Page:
I’m pretty sure someone here is compiling statistics for which side is winning more games. I cannot find it anywhere, though. Could someone point me in that direction?
Posts made by halbower
RE: Unstoppable strategy: 1942 scenario
1. Japan moves first. What was Larry thinking!!! Allowing Japan go first allows one to pre-emptively position 6 Japanese fighters in Burma and 1 bomber in French Indo China so that they are ready to land in East Ukraine on turn 2.
Someone didn’t check if the moves are possible first: you can only land 5 fighters in Burma on J1. The fighter in Japan can’t reach Burma (5 moves required).
I used the exact same strategy last Saturday; admittedly taken right from the original thread. I saw that post a couple of weeks ago on the BGG site. We were starting our 2nd game at 2:00 am, so I figured “what the hell.”
Japan can still make several opening attacks. I still hit the Pearl fleet, but used the fighter from Japan. The one on the Solomon fleet went to Burma. I hit the UK fleet off of India (at work-no map and dont recall sea zones; sorry). That attack didnt go too well. I ended up having to lose the carrier and retreat both fighters to Burma. Hit Buryatin too…used the bomber for support before landing FIC.
What were the results? Was the opening move good, bad or…?
Unstoppable strategy: 1942 scenario
This was originally posted on boardgamegeek.com. I’ve looked for a discussion about it here but couldn’t find one. If this discussion exists, could a moderator combine the threads?
This discussion was started by Michael Tan who believes this is an unstoppable Axis strategy. I’ve duplicated his results with triplea. Is there a consensus? Or is there a controversy?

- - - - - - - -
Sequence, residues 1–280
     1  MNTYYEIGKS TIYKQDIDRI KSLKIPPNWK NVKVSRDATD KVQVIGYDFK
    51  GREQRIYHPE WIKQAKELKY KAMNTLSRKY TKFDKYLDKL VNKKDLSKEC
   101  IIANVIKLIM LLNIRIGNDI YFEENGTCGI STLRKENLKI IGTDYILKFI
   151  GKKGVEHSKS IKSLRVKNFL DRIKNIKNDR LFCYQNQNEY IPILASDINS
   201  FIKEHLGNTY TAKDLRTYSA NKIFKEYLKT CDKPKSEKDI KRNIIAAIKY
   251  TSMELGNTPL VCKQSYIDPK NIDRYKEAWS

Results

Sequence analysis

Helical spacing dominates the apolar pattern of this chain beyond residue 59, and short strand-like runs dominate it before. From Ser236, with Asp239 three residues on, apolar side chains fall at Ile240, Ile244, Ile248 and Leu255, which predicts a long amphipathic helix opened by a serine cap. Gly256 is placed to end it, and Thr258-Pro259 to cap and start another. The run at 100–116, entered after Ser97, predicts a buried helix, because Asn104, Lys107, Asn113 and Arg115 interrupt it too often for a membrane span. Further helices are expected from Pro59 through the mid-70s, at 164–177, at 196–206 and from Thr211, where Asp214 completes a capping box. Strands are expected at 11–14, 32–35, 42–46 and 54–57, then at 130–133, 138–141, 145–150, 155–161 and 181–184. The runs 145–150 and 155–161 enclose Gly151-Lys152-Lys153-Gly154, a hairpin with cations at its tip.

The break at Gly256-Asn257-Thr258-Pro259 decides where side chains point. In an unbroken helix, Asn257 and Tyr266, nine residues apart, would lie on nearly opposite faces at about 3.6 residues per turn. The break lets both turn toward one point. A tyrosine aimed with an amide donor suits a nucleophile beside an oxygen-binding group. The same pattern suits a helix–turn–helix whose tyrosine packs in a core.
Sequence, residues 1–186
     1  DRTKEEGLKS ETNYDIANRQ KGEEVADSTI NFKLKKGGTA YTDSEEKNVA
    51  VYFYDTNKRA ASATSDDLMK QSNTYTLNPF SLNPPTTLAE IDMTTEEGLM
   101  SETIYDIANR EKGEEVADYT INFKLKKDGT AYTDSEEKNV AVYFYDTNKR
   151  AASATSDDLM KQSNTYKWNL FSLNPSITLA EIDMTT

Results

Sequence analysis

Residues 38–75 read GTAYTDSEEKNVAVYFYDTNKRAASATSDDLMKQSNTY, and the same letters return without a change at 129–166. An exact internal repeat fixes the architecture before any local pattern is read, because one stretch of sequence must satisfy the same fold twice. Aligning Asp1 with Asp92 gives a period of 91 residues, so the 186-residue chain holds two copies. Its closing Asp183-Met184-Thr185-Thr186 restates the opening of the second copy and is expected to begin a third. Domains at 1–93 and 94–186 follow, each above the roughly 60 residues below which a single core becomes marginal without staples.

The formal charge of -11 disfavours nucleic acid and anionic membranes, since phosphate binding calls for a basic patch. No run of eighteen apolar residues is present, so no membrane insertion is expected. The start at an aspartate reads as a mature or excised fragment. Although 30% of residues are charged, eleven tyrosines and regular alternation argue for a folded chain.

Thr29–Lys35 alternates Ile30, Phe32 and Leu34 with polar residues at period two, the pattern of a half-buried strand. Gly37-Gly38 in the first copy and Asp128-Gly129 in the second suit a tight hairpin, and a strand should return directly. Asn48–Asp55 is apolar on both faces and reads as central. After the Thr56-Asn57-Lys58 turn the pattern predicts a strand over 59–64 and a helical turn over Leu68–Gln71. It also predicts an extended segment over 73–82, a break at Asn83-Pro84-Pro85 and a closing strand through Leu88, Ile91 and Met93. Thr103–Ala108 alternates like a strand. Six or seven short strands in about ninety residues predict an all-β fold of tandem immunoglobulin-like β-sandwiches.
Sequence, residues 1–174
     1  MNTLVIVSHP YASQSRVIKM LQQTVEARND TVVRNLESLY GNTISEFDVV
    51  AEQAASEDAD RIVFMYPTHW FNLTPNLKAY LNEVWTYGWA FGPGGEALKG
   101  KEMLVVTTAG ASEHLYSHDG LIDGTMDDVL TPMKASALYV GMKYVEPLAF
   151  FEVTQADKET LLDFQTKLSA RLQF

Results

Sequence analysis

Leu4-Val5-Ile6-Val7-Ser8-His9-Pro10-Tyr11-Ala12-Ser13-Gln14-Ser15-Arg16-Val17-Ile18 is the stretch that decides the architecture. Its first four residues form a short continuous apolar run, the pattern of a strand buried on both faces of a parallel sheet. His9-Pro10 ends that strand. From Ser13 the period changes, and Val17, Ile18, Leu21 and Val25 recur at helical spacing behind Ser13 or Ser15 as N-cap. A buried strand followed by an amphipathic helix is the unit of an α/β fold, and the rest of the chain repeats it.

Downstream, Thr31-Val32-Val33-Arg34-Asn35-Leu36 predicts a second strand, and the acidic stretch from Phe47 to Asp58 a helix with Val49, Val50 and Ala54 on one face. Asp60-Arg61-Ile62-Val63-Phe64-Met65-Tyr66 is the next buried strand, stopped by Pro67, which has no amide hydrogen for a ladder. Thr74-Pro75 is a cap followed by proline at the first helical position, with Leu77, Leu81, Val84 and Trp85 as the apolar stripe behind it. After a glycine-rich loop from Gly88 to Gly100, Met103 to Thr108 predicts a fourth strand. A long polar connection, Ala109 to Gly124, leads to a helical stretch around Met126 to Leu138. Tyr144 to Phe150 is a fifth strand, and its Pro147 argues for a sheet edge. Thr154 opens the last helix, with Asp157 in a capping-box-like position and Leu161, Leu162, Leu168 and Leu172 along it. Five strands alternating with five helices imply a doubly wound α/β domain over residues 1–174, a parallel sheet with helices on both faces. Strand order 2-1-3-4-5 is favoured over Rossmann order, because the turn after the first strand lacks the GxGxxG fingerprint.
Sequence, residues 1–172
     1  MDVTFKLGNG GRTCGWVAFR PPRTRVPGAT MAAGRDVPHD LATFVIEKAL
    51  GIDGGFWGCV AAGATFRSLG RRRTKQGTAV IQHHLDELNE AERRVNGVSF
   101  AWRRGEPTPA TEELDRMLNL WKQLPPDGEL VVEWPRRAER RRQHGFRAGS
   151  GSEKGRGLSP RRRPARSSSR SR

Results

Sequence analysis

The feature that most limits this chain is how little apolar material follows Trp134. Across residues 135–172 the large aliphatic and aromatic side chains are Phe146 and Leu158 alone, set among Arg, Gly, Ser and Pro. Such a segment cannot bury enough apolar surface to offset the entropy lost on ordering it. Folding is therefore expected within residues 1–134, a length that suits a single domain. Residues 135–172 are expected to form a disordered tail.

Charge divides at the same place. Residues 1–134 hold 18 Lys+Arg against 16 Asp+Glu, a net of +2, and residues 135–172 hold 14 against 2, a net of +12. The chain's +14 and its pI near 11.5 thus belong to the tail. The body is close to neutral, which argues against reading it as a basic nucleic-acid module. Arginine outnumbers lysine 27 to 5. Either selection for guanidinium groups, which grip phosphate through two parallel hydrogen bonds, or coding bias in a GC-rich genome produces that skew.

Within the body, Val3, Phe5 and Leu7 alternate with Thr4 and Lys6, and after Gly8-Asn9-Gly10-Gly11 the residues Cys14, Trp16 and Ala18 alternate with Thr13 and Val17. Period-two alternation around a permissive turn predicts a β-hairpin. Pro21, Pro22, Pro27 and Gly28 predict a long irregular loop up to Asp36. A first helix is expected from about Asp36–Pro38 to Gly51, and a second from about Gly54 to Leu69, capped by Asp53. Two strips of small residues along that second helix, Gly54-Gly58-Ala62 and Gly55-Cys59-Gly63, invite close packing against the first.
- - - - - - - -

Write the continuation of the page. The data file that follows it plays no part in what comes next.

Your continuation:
By Michael Tan
_I hope somebody proves me wrong because I think I’ve discovered an unstoppable opening move for the Axis in the 1942 scenario. I spotted the potential strategy on our first time playing so it really makes me wonder if they actually playtested this game at all. It’s basically a variation of the Revised strategy of blitzing Russia with every German unit and using Japanese fighters to secure the forward position from a Russian counterattack. There are a few map and rule changes that seem to make this strategy overwhelmingly effective as compared to Revised:
1. Japan moves first. What was Larry thinking!!! Allowing Japan go first allows one to pre-emptively position 6 Japanese fighters in Burma and 1 bomber in French Indo China so that they are ready to land in East Ukraine on turn 2. The only other objective for Japan is to wipe out the American and UK fighters that can help defend Moscow. Don’t waste any planes doing this though - use your fleet including carriers and battleship as entirely expendable fodder. Build 2 bombers and start bombing the crap out of Russia starting turn 2.
2. Leningrad is a FREE factory for the Germans. It’s IMPOSSIBLE for the Russian player to defend all three ICs on turn one. There are just too many Germans units to worry about so he has to give up one of them. Leningrad is the least valuable and hardest to defend. Once the German player captures it, he can simultaneously build infantry in Leningrad and armor in Germany that can attack Moscow in sync. This is just a gift for the Germans.